I know this is possible, my question is specfic to the rollup jobs created (I think during the schema updates).
I have asked our DBA to create a Lab vCenter DB and a Lab Update Manager DB on our SQL2008 server using the scripts outlined in the ESX and vCenter Server Installation Guide (I'll be using new unique Lab DB names and Lab DB SQL users). This SQL server instance already has a production vCenter DB and production Update Manager DB.
My question is what happens with the schema updates when I let the Lab install do the schema updates.
I'm looking for best practice so that when I install the Lab, the existing production DB environment (including rollup jobs) are not affected and new Lab rollup jobs are created function properly.
I'm not a DBA so if I'm way off feel free to correct me.
at time, not so long ago, we had 9 vCenter and 9 VUM Databases all running under the same SQL 2005 Enterprise 64bit SQL Server. Today, it's 4vCenters, a couple VMware View Composer DB's and a few VUM instances.
With that said, the greatness of SQL Server is you can run multiple instances under one SQL Server. So, when it comes time to do schema upgrades you'll only upgrade the schema of the instance in which you have an ODBC connection to.
I wouldn't worry to much about the rollup jobs. Those are just functions of SQL. They do get created when you install vCenter and connect to a SQL Server, but can always be recreated very easily.
So how do those jobs function? Again forgive any SQL ignorance here.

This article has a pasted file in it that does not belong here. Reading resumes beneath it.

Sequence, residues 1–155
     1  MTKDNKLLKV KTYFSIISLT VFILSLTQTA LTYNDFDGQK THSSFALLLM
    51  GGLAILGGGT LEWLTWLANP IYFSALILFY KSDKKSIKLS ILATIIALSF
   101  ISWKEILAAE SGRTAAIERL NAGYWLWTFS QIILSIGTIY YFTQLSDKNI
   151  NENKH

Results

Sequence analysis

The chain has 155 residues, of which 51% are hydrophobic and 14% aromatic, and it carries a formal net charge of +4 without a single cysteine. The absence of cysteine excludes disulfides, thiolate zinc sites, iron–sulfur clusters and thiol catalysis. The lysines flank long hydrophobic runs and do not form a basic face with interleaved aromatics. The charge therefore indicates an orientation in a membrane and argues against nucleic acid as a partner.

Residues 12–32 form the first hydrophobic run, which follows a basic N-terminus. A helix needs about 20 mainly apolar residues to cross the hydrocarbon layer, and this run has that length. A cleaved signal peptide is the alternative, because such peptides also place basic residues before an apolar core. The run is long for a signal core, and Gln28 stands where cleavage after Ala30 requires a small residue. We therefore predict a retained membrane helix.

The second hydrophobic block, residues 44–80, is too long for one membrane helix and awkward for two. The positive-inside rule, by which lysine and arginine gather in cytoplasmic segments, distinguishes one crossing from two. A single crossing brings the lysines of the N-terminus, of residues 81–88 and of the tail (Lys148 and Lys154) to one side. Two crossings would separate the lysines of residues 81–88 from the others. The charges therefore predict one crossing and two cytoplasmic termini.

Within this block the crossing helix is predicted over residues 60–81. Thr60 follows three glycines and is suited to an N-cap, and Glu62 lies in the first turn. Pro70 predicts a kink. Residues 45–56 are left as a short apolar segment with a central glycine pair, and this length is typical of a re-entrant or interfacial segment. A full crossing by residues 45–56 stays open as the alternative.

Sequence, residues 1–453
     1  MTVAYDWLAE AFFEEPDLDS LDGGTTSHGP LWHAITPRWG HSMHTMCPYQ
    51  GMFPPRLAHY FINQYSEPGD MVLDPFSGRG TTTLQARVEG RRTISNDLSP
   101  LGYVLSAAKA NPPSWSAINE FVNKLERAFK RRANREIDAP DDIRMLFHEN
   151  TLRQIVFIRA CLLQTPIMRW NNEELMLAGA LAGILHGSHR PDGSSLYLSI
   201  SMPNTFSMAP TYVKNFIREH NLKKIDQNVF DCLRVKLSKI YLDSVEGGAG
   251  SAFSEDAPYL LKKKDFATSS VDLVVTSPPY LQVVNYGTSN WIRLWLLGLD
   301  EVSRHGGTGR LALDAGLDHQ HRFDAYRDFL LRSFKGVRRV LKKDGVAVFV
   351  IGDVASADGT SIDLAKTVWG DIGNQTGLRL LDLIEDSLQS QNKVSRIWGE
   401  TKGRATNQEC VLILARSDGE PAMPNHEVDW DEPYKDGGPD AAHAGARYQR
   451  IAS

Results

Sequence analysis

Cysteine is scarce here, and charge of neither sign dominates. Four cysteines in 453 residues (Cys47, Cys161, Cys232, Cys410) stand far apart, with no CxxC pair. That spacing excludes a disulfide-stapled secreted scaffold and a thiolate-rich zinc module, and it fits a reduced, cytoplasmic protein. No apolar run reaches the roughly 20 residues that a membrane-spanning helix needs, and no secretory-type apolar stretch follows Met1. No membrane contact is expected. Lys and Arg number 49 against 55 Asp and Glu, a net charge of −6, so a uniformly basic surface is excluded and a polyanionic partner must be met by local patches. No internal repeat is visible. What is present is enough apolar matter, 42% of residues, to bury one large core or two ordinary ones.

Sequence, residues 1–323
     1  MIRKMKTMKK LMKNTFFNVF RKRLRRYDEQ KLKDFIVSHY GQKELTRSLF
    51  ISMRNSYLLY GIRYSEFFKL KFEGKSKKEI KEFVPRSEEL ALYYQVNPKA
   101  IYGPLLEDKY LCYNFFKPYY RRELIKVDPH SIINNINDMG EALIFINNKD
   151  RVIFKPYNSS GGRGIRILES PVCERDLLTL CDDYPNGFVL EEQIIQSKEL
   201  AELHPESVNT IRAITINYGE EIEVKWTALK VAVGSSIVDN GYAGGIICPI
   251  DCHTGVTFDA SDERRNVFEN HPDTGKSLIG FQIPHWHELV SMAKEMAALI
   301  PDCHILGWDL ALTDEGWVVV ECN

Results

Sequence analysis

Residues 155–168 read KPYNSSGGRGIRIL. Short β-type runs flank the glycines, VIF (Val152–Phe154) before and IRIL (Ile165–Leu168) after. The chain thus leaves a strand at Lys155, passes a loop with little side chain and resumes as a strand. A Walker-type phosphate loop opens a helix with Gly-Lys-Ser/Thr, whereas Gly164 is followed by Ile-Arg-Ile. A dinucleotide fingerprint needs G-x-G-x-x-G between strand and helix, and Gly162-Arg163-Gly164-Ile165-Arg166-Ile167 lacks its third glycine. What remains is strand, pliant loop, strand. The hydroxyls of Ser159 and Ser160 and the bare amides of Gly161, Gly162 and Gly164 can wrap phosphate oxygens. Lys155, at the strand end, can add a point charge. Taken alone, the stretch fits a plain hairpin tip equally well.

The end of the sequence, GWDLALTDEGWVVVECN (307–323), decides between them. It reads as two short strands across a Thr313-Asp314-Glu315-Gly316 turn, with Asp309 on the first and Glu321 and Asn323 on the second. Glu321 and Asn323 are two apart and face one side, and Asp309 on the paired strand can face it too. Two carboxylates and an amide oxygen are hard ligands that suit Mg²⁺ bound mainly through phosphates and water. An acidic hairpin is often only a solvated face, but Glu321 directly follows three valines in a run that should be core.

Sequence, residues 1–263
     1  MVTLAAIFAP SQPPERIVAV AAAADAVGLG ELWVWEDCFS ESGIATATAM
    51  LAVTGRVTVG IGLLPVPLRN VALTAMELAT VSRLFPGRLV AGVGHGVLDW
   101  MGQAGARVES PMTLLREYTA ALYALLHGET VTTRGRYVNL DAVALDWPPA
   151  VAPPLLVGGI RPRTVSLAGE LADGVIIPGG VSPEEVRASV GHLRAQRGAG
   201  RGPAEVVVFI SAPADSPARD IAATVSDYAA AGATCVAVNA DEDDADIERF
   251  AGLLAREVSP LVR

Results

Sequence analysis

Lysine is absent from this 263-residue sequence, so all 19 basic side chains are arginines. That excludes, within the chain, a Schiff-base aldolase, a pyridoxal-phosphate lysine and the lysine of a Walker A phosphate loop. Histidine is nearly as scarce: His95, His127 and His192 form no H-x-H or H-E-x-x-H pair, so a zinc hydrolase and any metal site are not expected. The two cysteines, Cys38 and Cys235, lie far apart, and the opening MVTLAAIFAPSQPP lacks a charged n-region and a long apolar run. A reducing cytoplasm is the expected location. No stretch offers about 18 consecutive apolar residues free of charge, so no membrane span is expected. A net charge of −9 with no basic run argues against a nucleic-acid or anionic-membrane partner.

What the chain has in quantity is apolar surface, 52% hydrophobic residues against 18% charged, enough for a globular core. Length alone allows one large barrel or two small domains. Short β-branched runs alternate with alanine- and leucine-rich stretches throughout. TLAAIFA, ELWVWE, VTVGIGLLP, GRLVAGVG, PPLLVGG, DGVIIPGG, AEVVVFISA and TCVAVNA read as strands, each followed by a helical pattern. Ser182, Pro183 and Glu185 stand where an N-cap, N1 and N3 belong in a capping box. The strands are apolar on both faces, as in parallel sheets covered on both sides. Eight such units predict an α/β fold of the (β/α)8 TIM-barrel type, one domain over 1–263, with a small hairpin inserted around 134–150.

Will one set be used for all vCenter instances on an SQL Instance? My confusion is how they are used. Are the jobs associated with multiple databases (i.e. they are scheduled to run and somehow know which databases to run on)...
...or are the databases themselves configured to call the jobs at certain times?
Thanks. I was still wanting to understand more fully what happens when a 2nd (or more) install happens on the same instance.
I assume one of these would happen when installing a 2nd vCenter on an SQL instance:
If it's 2 or 3, I would just want to write up a best practice process for my team when dealing with the situation.
SQL Server is just an application at a high level. Think of it as ESX in the sense that you have an ESX Server hosting multiple VMs.
So,your SQL Server can host multiple DB's (instances).
The install somehow avoids any potential conflict with respect to rollup jobs. Each install has it's own jobs and everything functions fine.
correct. All connections are made through ODBC and permissions on each database. Plus, as noted all vCenter DB's have their own set of jobs
The 2nd install breaks the first DB's jobs and we'll need to manually recreate one or both sets.
This should not happen, as noted each vCenter has it's own set up jobs associated with the DB.
The 2nd DB's jobs don't get created correctly and we'll need to manually recreate one or both sets
No. You'll only need to recreate jobs for the DB for which the jobs didn't successfully get created.
The article below will walk you through the creation of the rollup jobs if needed. It's pretty straight forward
Thanks Troy - I did find that KB and, despite my questions, I do understand that much about SQL. My DBA was looking through the scripts and said it looked like the install would try to create rollup jobs of the exact same name.
That's what I didn't understand. I would have assumed the install would alter the rollup job names during creation if a duplicate exists rather than just fail to create them.
Well I guess I took us to the moon and back to get there but that's all I was making sure of :smileylaugh:. That's what I thought should happen.
Normally I would just test and see but I just joined a new company without a Lab environment and needed to be precise.